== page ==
You can do a 401k rollover under 3 circumstances only:
– You reach the age of 59.5 and want your money
– You quit your current employer and want to rollover into an Individual Retirement Account (IRA)
– You officially retire (age of 65)
If you meet any of the above characteristics, you can inform your employer by filling out a 401k election form. This will inform the employer whether you are:
– Carrying out a lump-sum 401k rollover
– Desiring regular 401k distributions (more like monthly income payments)
– Rolling the money into another 401k plan or an IRA
This 401k election form is made out to a trustee within your company who then forwards it to the 401k vendor. The 401k vendor then processes the paperwork and will inform you of the total 401k distributions you are eligible for. This process takes about 2-3 weeks.
401k Direct Rollover into IRA
|Direct Rollover (IRA to IRA)||Direct Rollover (401k to 401k)|
|– Money moves from your 401k into an IRA or another 401k
– Money rolls over from one trustee to another trustee
– Retiree does not have to worry about paying taxes
– You fill out a form, custodian moves your money for you
– Takes 1-2 weeks
|– Fill out a 401k election form (with your old employer)
– Fill out more 401k paperwork with your new employer
– Takes 2-3 weeks
Commonly Asked 401k Rollover Questions
1) Should I Have More Than One Rollover IRA Account?
Yes you should have more than 1 rollover IRA account for the following reasons:
a) If you plan to invest in a diversified set of investments example certain mutual funds, energy and growth stocks, certain bonds, etc.
b) If you want to withdraw your money in equal monthly/quarterly/annual payments with a linear distribution.
c) If you have multiple beneficiaries and want each IRA account to have 1 different beneficiary
2) How does a Rollover IRA account differ from an ordinary IRA account?
A Rollover IRA differs from an ordinary IRA account because it has NO contribution limit per year. The traditional IRA (Individual Retirement Account) and the Roth IRA both have contribution limits of $18,000 in the year 2015. However to rollover money into an IRA account, there is no contribution limit.
3) Rolling Over into IRA account after Receiving a Check?
If you quit your previous employer, you may receive a 401k distribution check from him. If you want to avoid paying 20% tax on it, immediately send it back to the employer asking for a 100% rollover of your entire retirement savings into a Rollover IRA account. This is known as a “Direct Rollover.”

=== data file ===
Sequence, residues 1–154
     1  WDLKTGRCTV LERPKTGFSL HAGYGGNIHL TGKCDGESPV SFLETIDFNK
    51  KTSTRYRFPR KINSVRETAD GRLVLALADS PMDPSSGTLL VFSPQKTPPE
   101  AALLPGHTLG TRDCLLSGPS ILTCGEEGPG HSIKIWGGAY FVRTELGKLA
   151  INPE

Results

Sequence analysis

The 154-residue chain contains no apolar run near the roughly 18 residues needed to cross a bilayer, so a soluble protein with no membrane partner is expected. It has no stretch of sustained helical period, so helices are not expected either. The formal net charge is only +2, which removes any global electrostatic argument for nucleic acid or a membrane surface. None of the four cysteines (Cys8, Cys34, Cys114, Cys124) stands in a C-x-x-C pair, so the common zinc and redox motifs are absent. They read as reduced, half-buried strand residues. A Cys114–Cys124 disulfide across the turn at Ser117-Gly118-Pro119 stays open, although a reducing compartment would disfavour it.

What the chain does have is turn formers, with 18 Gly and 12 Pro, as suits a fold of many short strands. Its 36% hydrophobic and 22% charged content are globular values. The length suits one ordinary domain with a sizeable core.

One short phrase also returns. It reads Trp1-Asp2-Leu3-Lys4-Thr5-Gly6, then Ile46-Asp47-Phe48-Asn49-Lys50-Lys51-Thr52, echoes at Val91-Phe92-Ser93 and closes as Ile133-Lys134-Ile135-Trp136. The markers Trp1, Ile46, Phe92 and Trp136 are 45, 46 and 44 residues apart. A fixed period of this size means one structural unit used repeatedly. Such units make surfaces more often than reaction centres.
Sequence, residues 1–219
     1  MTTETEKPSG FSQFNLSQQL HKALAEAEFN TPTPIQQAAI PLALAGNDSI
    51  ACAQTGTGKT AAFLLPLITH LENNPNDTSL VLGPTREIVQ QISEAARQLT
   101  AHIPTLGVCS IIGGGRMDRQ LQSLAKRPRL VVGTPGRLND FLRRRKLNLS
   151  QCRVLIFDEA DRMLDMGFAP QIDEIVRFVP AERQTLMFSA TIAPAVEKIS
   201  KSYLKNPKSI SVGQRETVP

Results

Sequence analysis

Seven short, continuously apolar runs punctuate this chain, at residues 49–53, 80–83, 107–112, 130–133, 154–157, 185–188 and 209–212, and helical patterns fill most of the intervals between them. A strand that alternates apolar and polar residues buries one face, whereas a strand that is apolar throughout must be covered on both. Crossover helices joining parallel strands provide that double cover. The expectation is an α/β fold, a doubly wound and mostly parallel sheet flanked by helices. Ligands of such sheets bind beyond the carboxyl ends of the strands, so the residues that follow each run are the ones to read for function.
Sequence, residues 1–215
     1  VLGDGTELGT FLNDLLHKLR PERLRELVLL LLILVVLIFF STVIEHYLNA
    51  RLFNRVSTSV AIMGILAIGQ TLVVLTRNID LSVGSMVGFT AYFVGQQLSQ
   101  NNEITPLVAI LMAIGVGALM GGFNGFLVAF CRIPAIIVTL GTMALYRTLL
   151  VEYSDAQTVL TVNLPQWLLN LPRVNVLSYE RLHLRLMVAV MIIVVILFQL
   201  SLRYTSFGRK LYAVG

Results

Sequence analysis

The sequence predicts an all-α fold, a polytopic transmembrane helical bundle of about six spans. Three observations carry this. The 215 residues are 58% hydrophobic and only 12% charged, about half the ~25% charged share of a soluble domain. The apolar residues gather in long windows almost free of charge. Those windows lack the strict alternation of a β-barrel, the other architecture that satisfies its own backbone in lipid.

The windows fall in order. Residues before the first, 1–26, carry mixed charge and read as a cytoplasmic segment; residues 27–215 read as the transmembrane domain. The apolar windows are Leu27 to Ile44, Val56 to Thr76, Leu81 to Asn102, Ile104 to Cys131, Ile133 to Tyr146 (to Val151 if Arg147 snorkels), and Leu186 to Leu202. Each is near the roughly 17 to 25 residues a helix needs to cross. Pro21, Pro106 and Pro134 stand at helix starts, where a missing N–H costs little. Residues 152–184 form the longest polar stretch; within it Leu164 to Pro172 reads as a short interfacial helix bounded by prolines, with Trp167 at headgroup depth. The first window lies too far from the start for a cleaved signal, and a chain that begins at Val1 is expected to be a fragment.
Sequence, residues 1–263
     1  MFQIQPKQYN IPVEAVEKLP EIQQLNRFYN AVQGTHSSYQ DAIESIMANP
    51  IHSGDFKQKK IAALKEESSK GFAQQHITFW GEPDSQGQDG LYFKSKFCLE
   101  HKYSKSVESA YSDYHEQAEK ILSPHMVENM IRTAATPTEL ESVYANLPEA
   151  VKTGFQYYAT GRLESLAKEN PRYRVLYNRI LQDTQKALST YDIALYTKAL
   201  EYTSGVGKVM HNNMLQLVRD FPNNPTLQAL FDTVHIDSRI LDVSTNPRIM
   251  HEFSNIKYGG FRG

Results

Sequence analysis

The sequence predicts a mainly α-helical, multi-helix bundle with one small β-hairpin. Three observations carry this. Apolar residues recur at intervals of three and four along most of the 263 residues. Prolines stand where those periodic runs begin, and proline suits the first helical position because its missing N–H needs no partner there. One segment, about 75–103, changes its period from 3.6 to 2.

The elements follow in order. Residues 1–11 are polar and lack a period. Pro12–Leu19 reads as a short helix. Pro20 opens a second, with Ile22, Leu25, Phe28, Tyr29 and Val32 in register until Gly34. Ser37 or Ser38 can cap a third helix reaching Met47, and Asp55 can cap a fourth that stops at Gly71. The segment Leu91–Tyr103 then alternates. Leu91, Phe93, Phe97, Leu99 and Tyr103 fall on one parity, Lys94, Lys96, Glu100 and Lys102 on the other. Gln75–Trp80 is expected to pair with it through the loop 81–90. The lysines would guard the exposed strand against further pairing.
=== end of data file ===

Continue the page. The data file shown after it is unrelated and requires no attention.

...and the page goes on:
The other option is making out the check directly to your IRA Rollover account, known as an Indirect Rollover. This can be done by depositing the original check into your ordinary checkings account and then writing a new check to your IRA Rollover account.
4) Can the Entire Retirement Savings be Rolled Over into IRA account?
Absolutely! However, you must rollover the entire distribution check within 60 days of receiving it. This is known as an indirect rollover. If you go above the 60 day limit, you will have to pay taxes on your entire pension distribution as well as an early withdrawal penalty fee (usually 10%).
5) Why did i Receive only Part of my Entire 401k Retirement Savings?
The IRS rule says that atleast 20% of all retirement savings account must be withheld (to pay the appropriate taxes) from any retirement savings account. This withholding of 20% can be bypassed by doing a direct trustee-to-trustee IRA rollover and 100% of your money will end up in your Individual Retirement Account (IRA).
6) I Asked for a Direct IRA Rollover but Employer Sent me a Check?
If this happens, no worries. If the check is made out to your Rollover IRA account but physically delivered to you, just mail it (via some secured delivery method such as Fedex with tracking code) directly to your Rollover IRA account. Make sure you mail the ENTIRE amount (known as a 401k lump sum rollover). This will defer any taxes you owe.
7) Isn’t there a $2000 Contribution Limit to an IRA Rollover?
There is no contribution limit to an IRA Rollover account. The $2000 contribution limit is for an annual IRA contribution limit which is different from an IRA Rollover. You can transfer as much as you want in an IRA Rollover, whether its $20,000 or $200,000.